Thursday, October 18th, 2012

Engineering Content For Makino

In the wake of the major biennial machine-tool trade show for which it was developed, Makino’s most recent campaign is now being implemented across multiple platforms. As marketing manager of Makino, I drive our marketing programs to exhibit the same precision and high performance that our machine-tool centers deliver to our customers. I want to be sure that our marketing content assists our audience in its purchase decision process, builds a relationship with current customers, and enables our organization to increase awareness, generate leads and convert competitive machine users to Makino.

One clear fact about our particular B-to-B audience that impacts our marketing plan is that the purchase decision cycle typically runs six months to one year—sometimes even longer. Occasionally the purchase decision can be a matter of just a few weeks. Our machines are a major capital investment for most companies. Because of this lengthy process, the expense and importance of the equipment, and the nuanced nature of the product information, the content that we develop is more than just advertising, more than marketing and more than sales. It is truly all three combined, and it focuses on the buyer at numerous touchpoints. It is education, enablement and relationship, as well as relevant, contextual content.

The interesting thing about Makino’s engineering audience is how its digital behaviors tend to reflect our understanding of its requirements. When we run surveys on the website, for example, or try to engage the members of our audience in social media, we get few responses, when compared with a less specialized or B-to-C audience. We know they are looking for content that will help them and their companies be more productive and enhance their understanding of state-of-the-art machining and process solutions. We know they are also interested in our case studies. Another typical behavior happens when we introduce a new webinar. In those cases we find that for every one registrant, two typically attend. It turns out that they usually invite colleagues to view the content in small groups.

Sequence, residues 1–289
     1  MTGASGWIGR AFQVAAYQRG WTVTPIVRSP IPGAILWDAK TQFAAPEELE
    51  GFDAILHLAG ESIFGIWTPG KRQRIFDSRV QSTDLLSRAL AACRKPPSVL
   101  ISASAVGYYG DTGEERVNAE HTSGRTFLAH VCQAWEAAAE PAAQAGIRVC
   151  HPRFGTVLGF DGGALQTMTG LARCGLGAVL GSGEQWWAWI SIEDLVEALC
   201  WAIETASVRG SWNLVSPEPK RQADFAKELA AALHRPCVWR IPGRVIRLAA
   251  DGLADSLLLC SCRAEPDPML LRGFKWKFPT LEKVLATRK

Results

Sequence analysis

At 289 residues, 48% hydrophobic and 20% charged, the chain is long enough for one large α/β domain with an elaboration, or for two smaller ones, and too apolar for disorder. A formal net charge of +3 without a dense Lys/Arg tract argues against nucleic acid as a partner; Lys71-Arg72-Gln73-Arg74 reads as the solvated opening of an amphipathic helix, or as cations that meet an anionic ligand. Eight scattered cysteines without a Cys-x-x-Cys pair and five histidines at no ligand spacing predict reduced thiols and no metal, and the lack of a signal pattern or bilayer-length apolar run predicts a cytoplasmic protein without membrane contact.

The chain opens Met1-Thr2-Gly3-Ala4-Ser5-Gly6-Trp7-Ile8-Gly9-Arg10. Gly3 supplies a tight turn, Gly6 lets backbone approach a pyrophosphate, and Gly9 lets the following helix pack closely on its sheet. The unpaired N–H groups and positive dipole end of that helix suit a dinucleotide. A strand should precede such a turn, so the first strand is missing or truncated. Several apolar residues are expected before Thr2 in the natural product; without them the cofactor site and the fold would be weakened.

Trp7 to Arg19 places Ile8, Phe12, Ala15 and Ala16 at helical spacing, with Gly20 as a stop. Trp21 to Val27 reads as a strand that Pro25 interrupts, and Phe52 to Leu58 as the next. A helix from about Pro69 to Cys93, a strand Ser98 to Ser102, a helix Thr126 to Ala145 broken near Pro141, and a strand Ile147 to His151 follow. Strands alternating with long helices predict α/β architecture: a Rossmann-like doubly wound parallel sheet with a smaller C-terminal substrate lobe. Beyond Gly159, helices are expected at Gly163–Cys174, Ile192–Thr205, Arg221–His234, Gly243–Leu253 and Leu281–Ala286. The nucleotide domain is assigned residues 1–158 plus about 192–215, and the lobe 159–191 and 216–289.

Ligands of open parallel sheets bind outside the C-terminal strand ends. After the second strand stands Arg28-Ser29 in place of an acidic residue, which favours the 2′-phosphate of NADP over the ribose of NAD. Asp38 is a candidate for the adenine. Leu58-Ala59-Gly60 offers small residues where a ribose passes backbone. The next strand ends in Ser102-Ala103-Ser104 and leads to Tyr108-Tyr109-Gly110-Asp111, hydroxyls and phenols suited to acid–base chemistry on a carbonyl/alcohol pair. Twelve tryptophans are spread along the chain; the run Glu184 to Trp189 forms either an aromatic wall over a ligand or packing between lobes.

While such deep content is the right vehicle for our audience, we are aware that we must also speak to shop owners and company management personnel, who are less technical, but seek insights on innovation and new technology. For that reason we balance deep content with compelling information, such as stimulating case studies about the latest and greatest machining technology that will affect their businesses and give them the leading edge against their competition. In such cases the level of sophistication of the content is high, to serve our highly knowledgeable audience hungry for real content.

In the end we understand that our customers are purchasing more than just a machine; they’re buying our engineering expertise and years of industry experience. It’s my job to make sure that—at however many touchpoints we can identify—our message is delivered frequently and effectively. The more our customers understand that Makino has earned its reputation for the highest-quality machines, the easier my job becomes. Just as Makino is leading the way in the quality of our products, we want to be sure that we’re leading the industry in the content marketing we offer to our customers.

Mark Rentschler is Marketing Manager at Makino.

Originally published at Ignite Something on the Forbes CMO Network

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